“My friends tossed water balloons on the people on the sidewalk,” Buchholz said, quickly adding, “But not me.”
During the Nationals, the competitors used the same locker room at the West Side club that was used by its members, who stowed business suits in a wire locker next to a raffish touring star.
“If you turned around, you would whack somebody in the butt,” recalls Cliff Drysdale, a staple of the 1960s tour, about the tiny locker room.
“It was nice … but quaint,” Buchholz added, recalling the hospitality at the club. “The bartender would give me O.J. or ginger ale.”
Buchholz recalled the grass courts squeezed onto the grounds, with the primitive concrete stadium at the far end. The worst court was directly next to the dining patio.
“It was noisy,” Buchholz recalled. “Everyone hated to play on that court. You could hear the waiters dropping dishes. You could hear the conversations.”
The genteel clatter of tableware seemed noisy because the decibel level of life itself was a tad lower than today. Under the awning of a modest press section of the main stadium, reporters would peck away on their typewriters — typewriters! This is officially a nostalgia piece now — and fans and players alike might hiss their disapproval of such an intrusion on their bucolic afternoon in the fresh air.
The ambience of the old West Side club was recently described in a stream of consciousness by Art Seitz, a longtime tennis photographer, still working at his trade:
“Sitting on a piece of plywood in the early ’70s with other photographers in the middle of the WSTC Stadium. Vilas being mobbed after championship point. Enjoying a locker-room shower, dry clothes, sunsets, and discovering and consuming Aussie Foster’s Beer at the second-floor locker-room bar — at the end of every often hot and humid day — which was stocked because of my Aussie mates. Being temporarily banned from the nearby Steak ’n Brew because of my Aussie mates. Being like a fly on the wall in a small low-ceiling room, while Pancho Segura fired up Jimbo. The great photogenic views of the grass courts, terrace, beautiful people and WSTC building from the top rows of the stadium. Fun encounters with the Kennedy Clan — including Jackie there.”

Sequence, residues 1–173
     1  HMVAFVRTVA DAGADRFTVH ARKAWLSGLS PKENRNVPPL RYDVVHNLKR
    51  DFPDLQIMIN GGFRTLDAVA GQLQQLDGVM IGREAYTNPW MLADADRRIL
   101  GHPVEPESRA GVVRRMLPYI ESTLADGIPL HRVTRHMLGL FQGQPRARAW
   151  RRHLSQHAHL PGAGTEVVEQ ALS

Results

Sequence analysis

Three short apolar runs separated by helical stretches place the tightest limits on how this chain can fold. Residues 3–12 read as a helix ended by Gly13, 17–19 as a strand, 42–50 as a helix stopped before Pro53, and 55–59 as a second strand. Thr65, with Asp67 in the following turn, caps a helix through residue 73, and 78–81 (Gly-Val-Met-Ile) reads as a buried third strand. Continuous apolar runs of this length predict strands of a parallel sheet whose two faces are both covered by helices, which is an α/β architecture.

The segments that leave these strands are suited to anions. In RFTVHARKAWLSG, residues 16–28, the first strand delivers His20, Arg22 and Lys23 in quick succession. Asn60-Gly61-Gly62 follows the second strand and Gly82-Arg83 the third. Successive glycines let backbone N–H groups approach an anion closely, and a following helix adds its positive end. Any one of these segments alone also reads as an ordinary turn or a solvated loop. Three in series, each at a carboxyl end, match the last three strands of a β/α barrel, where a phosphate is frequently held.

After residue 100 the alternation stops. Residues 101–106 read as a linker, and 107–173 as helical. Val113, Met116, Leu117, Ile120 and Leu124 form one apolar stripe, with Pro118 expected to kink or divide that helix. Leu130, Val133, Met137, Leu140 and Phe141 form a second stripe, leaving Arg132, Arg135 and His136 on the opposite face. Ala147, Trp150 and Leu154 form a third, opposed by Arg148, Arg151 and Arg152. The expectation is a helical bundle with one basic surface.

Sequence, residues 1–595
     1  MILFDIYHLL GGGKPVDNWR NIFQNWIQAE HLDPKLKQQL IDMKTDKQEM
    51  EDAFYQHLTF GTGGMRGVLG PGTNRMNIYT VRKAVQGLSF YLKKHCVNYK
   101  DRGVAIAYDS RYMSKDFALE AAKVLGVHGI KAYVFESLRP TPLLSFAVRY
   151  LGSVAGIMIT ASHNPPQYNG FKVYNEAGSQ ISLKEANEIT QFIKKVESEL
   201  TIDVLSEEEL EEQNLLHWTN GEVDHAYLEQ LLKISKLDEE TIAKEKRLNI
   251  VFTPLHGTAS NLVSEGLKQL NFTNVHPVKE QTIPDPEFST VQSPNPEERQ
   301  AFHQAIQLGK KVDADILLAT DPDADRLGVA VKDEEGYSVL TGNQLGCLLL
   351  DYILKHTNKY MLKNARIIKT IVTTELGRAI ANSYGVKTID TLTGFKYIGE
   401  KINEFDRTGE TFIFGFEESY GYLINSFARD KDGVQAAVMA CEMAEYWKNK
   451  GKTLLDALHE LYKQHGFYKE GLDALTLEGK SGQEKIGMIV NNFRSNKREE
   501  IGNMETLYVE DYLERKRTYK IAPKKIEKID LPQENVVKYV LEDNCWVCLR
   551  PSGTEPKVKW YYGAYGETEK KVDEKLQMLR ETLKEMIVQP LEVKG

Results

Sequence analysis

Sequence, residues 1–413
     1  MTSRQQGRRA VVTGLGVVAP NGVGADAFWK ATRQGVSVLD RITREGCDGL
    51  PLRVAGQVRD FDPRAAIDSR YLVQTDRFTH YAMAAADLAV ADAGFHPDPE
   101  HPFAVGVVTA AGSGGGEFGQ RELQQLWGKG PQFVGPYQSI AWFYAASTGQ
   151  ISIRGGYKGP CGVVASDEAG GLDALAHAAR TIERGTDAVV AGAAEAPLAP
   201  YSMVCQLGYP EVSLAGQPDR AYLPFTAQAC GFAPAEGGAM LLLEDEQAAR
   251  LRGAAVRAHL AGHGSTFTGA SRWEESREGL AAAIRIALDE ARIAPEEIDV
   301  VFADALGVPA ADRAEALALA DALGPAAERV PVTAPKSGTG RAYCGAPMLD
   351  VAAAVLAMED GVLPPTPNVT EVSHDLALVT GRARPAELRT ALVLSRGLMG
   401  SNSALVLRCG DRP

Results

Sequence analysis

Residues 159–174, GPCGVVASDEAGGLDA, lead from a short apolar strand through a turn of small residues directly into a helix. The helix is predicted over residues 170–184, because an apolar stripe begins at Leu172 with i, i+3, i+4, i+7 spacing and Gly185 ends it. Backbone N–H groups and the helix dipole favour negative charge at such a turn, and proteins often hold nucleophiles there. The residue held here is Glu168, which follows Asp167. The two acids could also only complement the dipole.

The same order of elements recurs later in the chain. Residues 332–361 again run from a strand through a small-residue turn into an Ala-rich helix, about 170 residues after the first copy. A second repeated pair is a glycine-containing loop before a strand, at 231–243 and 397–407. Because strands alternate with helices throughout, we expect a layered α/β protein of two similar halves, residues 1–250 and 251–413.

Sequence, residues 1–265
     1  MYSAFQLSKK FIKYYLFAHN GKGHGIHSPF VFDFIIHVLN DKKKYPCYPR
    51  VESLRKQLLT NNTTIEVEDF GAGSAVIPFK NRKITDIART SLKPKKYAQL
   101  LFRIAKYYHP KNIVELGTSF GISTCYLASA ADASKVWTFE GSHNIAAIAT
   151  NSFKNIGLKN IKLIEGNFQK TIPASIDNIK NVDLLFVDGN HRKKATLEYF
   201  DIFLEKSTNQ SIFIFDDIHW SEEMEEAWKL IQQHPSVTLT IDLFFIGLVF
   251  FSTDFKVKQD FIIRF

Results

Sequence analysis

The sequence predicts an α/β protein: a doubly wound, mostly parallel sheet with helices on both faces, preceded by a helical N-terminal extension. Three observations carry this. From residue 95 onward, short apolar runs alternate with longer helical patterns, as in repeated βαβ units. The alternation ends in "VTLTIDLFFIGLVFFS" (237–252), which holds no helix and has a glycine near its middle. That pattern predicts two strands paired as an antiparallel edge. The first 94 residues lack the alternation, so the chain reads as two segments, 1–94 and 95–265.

The old days were 1949, when Pancho Gonzalez defeated Art Larsen, Frank Parker and Ted Schroeder in the quarters, semis and finals. (Larsen was known as Tappy because he had a fixation for tapping stairs, nets, net posts, benches, anything and everything — a nervous habit from surviving the Normandy invasion in 1944. He had a reputation as a playboy — a fringe benefit of those so-called “amateur” days.)
The star power at Forest Hills grew with the women in the postwar era: Althea Gibson, Maureen Connolly, Darlene Hard, Maria Bueno and later Virginia Wade, and young Billie Jean Moffitt (now King), on a side court, berating herself for a bad shot by whacking herself on the leg with her racket and shouting, “Come on, Billie Jean!” and waking up dozing patrons.
Male stars included the venerable Gardnar Mulloy, Jack Kramer, Tony Trabert, the Aussies — so many of them — and, starting in 1959, Arthur Ashe.
Other stars played at West Side: The Beatles arrived by helicopter for two shows, Aug. 28-29, 1964. In 1961, my wife and I, just kids and married less than a year, attended a concert by Harry Belafonte and Miriam Makeba on a lush, clear night in midsummer. Every time I go past the club I think of that starry, starry night.
The DNA of that sweet little corner of the world has somehow been transposed to the hurly-burly of Flushing Meadows with its gigantic stadiums (with retractable roofs) and side courts jammed with patrons in the global-warming summers of today. The Open profits from its serene past.